Not only this, but customers who put the phone down with a smile on their face are far less likely to vent to their friends and family about “the terrible call centre experience”.

6. Stop doing dumb things to your customers

If there is one thing that really winds up customers, it is some of the dumb processes and metrics that we operate.

This extends to broken processes, including “sorry, we are unable to transfer your call (to the person I can wave at across the room!)” or “you’ll have to log into your account at home to make that change (even though I have your account open in front of me!)”.

Even an inability for agents to issue refunds can contribute to an unnecessarily frustrating experience for everyone involved.

As a contact centre professional, you probably know what these ‘dumb things’ are already. If you’re not sure, a day of listening in on your calls will certainly uncover them!

It is also crucial to get your front-line staff involved, as this recent quote from Peter Massey at Budd (whose passion statement is “How do we stop doing dumb things to our customers and our people?”) illustrates:

“One of the key ways to stop doing dumb things is not only to accept that customers and front-line staff know what’s wrong, but positively search out what they know and use it to stop dumb stuff happening. Front-line staff can save customers from a lot of dumb questions about what needs fixing. The hard part isn’t fixing the contact centre, it’s getting buy-in from the rest of the business to fix the root causes.”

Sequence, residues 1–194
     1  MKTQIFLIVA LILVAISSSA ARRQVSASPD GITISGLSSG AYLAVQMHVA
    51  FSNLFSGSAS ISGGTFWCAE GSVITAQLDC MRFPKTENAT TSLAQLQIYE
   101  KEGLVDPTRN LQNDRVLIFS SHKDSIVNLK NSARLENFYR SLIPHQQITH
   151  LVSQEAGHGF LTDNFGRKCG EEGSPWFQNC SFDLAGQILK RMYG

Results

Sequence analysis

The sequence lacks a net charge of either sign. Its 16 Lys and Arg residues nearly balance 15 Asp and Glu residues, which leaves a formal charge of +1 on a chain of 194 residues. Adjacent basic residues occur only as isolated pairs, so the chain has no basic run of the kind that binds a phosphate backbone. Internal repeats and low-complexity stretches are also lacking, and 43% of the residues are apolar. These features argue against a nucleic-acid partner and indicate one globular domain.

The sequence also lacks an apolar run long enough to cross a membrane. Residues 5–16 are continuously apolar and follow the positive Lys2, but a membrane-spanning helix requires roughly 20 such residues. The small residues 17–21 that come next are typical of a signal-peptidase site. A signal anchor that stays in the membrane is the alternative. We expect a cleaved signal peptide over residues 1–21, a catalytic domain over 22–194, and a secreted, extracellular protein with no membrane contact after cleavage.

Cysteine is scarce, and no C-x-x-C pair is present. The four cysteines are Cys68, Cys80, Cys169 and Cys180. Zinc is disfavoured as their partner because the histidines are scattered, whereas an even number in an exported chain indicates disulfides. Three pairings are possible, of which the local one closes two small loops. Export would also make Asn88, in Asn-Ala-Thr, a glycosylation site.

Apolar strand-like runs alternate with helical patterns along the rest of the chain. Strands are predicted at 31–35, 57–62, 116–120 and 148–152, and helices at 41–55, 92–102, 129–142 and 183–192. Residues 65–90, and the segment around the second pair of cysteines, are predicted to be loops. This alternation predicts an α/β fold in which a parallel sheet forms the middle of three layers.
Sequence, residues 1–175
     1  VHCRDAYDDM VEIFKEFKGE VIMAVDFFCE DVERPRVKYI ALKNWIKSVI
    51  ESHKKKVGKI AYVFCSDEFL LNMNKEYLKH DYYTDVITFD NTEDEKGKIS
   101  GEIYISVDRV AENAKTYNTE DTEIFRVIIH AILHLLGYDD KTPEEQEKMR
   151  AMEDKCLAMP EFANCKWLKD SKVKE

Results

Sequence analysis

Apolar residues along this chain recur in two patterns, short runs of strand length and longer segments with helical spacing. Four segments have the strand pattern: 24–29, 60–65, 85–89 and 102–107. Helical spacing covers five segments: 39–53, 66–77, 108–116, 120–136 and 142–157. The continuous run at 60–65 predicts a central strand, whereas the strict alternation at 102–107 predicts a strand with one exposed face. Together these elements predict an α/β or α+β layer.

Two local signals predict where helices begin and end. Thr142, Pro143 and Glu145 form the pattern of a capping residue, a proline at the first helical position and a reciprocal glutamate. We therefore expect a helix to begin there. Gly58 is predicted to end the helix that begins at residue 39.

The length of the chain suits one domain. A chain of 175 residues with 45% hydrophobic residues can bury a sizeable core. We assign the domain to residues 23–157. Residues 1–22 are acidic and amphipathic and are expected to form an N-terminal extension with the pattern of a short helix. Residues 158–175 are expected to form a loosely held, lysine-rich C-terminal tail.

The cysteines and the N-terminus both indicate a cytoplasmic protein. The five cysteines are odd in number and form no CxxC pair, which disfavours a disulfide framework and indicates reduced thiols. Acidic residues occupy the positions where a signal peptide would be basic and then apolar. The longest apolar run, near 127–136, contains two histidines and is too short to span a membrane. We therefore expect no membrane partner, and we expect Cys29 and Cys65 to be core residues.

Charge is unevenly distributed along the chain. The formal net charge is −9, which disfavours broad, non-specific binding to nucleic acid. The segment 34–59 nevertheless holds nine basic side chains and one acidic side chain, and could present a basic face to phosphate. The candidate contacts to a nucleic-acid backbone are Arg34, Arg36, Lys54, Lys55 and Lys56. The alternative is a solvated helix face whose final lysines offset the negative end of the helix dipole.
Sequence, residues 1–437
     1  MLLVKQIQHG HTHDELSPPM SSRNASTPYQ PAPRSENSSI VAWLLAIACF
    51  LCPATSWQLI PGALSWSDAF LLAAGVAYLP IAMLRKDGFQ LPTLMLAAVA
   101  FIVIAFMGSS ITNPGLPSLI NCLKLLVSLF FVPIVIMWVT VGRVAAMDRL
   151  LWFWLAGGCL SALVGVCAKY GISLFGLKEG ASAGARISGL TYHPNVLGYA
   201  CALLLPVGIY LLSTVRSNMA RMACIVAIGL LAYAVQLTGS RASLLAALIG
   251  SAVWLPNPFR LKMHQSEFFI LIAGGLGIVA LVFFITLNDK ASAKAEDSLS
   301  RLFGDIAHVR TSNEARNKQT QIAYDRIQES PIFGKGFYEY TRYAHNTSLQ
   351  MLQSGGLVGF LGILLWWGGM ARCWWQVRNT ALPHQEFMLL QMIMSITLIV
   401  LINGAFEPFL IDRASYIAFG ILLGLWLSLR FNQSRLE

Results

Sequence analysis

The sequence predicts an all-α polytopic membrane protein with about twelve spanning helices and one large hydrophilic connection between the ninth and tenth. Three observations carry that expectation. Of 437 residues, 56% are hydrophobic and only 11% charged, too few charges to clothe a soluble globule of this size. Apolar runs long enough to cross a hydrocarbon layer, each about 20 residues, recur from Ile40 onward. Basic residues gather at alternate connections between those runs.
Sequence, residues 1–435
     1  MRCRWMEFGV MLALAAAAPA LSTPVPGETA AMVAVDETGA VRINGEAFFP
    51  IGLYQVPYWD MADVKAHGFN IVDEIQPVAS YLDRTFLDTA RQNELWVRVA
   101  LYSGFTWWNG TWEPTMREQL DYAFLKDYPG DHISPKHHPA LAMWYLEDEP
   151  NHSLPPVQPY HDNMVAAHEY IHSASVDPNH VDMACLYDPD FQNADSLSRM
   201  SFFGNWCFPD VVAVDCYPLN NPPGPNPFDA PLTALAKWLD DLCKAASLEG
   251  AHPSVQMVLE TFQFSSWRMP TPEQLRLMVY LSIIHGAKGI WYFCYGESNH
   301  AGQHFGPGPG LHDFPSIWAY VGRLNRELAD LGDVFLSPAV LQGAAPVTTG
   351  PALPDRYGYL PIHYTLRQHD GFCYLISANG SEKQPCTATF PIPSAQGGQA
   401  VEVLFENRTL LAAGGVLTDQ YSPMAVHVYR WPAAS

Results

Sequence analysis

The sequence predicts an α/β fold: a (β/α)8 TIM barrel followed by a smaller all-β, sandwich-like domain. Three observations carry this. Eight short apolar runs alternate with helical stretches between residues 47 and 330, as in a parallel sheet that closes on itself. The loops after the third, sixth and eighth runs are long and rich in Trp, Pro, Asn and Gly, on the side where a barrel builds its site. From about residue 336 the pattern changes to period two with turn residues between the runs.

This is especially important to get right when your customers have Twitter at their fingertips…


7. Properly train your staff

In this internet-enabled age, it is quite common for customers to know more about your products and services than some of your agents do.

This is due partly to the fact that, after the standard induction programme is complete, many contact centre agents receive very little in the way of ongoing training. Even fewer have a professional development plan.

This is most acutely seen in companies with high staff attrition.


8. Allow agents to do their job

All too often we treat people working in contact centres like large children.

They have limited responsibility to do the right thing for the customer, and often get “beaten up” if their performance metrics are less than ideal.

They also have silly rules frequently imposed on them – including timed toilet breaks!

We must all strive to give our front-line staff the level of responsibility they need to do the right thing for the customer.

We also need to give them the technology tools they need to do their jobs properly.

9. Throw out the IVR

Have you ever listened to customers navigating through your IVR?

I didn’t think so.

If you spent time listening in on their experience, you would hear a lot of frustration and difficulty. You would also likely see a fair number of customers hanging up.

Answering calls promptly with a real person will solve all of this.

Many of the most customer-centric organisations (such as First Direct) have never fronted calls with an IVR system.

10. Professional qualifications

To really change the image of the contact centre industry, we need to get all of our staff up to a professional standard. From NVQs through to degrees and Masters’ programmes, qualifications have a strong role to play.

Giving your agents the chance to develop themselves within the contact centre can also help remove the stigma of call centre work being a ‘dead-end job’.

Is SJ Bell right? What do you think can be done to improve the reputation of the contact centre industry?

SJ Bell is an Experience Design Strategist

Author: Megan Jones

Published On: 8th Apr 2015 - Last modified: 27th Nov 2023